Unlike the World Bank income classification, the United Nations (UN) considers several standards and sustainability related factors besides per capita gross national income (GNI) to classify countries. A least developed country (LDC) has to cross the threshold in respect of at least two out of three indicators: per capita gross national income, human asset index (HAI) and economic vulnerability index (EVI). While per capita GNI is straightforward, the other two indices are quite complex and depend in a complicated way on several other indices and variables.
The threshold GNI per capita for graduation is currently set at $1,242. This threshold is actually an average of previous three years' income. The HAI is set at 66 and EVI is fixed at 32. While a country must attain higher than the threshold values in the case of the first two criteria for graduation, it must be below the threshold in the case of the third criterion.
The UN has set up a committee named Committee for Development Policy (CDP), originally called Committee for Development Planning, which … 'provides inputs and independent advice … on emerging cross-sectoral development issues and on international cooperation for development, focusing on medium- and long- term aspects that are relevant for the implementation of the United Nations development agenda'. The CDP undertakes a review of the least developed countries once every three years to decide on its recommendation regarding which countries should be added to the list of LDCs and those that could be graduated.
The last meeting of CDP for such a review was held in 2015. In that meeting it was concluded that Bangladesh did not meet two of the three criteria for graduation. The GNI per capita of the country, as estimated using the World Bank Atlas Method, was only $926 (obviously less than the required $1242) and its HAI at 63.8 was also below the threshold. With a score of 25.1, it met the EVI requirement only.
Bangladesh will come up for CDP review again in 2018, and if it can demonstrate to have crossed at least two of these thresholds, it will be kept on the watch list for graduation. If it maintains these two indices above the threshold for three more years it could be declared to be eligible for graduation from the list of LDCs in the meeting of the CDP in 2021. While a country has the option of declining to be included in the list of LDCs, it has no such option in respect of graduation. A country eligible for graduation gets three years to prepare for transition to a developing country. Hence, if Bangladesh is found eligible for graduation in 2021 review, it will be finally graduated in 2024.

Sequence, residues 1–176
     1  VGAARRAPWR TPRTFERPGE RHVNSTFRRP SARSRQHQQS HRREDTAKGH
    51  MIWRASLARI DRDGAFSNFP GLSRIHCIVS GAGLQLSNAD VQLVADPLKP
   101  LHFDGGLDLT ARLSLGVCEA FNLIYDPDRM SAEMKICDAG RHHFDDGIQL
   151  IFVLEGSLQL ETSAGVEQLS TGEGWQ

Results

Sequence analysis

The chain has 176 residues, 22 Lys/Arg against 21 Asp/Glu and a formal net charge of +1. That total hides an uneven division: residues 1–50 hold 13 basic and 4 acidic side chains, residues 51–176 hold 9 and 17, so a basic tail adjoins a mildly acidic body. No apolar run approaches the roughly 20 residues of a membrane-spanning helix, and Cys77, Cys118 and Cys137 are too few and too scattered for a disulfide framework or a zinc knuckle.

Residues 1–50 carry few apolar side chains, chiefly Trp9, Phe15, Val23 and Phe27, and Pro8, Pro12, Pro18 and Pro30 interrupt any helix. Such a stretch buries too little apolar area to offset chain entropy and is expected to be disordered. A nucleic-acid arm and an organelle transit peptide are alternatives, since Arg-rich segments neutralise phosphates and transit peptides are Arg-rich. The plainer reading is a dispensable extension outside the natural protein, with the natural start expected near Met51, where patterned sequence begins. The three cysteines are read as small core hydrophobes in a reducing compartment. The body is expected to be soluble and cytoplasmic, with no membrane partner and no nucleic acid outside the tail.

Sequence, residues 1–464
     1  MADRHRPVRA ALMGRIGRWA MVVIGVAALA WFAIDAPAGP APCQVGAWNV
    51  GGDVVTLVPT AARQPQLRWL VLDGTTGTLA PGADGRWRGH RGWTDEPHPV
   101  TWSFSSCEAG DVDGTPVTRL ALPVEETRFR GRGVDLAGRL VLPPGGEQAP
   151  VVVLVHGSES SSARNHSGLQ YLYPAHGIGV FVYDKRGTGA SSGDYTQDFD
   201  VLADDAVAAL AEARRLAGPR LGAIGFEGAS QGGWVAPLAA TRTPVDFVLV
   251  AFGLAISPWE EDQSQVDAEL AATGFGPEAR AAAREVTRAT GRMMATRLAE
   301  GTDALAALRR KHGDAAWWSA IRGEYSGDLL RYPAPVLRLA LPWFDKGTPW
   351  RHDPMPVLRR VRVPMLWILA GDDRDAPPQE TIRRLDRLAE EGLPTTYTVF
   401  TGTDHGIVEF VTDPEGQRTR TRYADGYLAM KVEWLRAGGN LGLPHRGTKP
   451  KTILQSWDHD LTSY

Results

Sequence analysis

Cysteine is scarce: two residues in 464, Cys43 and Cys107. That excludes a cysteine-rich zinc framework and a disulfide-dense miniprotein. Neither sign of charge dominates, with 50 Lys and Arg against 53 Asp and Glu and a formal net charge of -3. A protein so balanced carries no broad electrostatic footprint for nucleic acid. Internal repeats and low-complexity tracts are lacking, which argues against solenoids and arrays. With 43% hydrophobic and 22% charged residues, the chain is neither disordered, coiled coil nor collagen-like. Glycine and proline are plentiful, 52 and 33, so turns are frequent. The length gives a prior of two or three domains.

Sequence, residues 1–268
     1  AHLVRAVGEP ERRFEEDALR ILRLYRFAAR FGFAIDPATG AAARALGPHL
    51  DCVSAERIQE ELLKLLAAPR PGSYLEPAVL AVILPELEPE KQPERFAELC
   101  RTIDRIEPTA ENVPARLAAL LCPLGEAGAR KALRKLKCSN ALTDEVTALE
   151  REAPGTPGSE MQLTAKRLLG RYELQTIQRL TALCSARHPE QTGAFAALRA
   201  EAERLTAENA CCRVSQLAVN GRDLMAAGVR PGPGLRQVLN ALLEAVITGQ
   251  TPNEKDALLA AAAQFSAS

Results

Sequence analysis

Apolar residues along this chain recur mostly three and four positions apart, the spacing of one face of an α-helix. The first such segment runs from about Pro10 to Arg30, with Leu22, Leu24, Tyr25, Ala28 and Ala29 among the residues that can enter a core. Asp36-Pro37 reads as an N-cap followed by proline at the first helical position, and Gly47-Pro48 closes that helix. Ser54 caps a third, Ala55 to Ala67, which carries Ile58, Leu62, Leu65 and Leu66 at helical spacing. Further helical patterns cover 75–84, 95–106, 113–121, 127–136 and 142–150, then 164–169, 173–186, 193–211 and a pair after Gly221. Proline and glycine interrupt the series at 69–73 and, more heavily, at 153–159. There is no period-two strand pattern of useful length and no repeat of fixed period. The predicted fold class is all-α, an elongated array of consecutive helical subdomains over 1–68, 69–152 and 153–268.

The scores Bangladesh obtained in 2015 in respect of the three criteria suggest that it has a good chance of being adjudged a candidate for graduation by CDP in the 2018 meeting. Barring any unforeseen shock the country should then graduate in 2024. It will then shed the rubric of an LDC and join the league of the developing countries more than half a century after emerging as a sovereign country. Many more LDCs are also likely to graduate by then. With graduation they will lose the special privileges they enjoy as the LDCs although some extension is possible if a case can be made.
There is no accepted quantitative definition of a developing or developed country; hence as a goal it is somewhat elastic. It is axiomatically taken to be the case that if a country graduates from an LDC it becomes a developing country, and there is not much controversy about it. However, at what stage a developing country graduates to a developed one is not defined. Some might regard the high-income countries as developed countries, but a large number of high-income countries are not included in the list of developed countries of the UN. Indeed, some of the richest countries of the world, such as Qatar, Singapore, Kuwait and Brunei, are still in the list of developing countries (UN DESA 2012). 'Developed country' seems to be essentially self-declared. Most of the countries which now belong to the list of developed countries of the UN have per capita GNI not less than twice the threshold of high income.
Nonetheless, even if we regard high income of World Bank as a proxy of 'developed', there is still the problem of figuring out what might be the cut-off point for high income in 2041. The threshold for high income was $6,000 in 1990, which gradually rose to $12,475 in 2015. If we assume that the threshold will increase in a similar manner in future, then it will reach $25,938 by 2040.
To attain even this low threshold Bangladesh economy will have to grow (in current dollar terms) at about 13.1 per cent every year for the next 25 years. Few countries have done this and there is little hope that Bangladesh, whose GNI per capita in US dollars has barely grown at 5.5 per cent during the last 25 years, will suddenly start growing at considerably more than double this rate.
It might be helpful to bear in mind that despite the unprecedented breakneck rate at which the Chinese economy grew during the last 35 years it is still several years away from becoming a high-income country. At the rate it is projected to grow in the medium term it will not be a high-income country by 2021. It is also very unlikely that it will be a developed country in 2040 by current standards.
Therefore, economic growth of Bangladesh will have to surpass China by some large margin if it wants to attain the developed country status by 2041. To achieve this wondrous feat Bangladesh will have to be that magical land "somewhere over the rainbow … [where] the dreams that you dare to dream, really do come true".
[The United Nations Conference on Trade and Development (UNCTAD) has just released its annual LDC Report 2016. Its simulation suggests that Bangladesh, along with another 15 countries, will graduate out of the LDC category by 2025.]
The writer is Professor, Department of Economics,
University of Dhaka.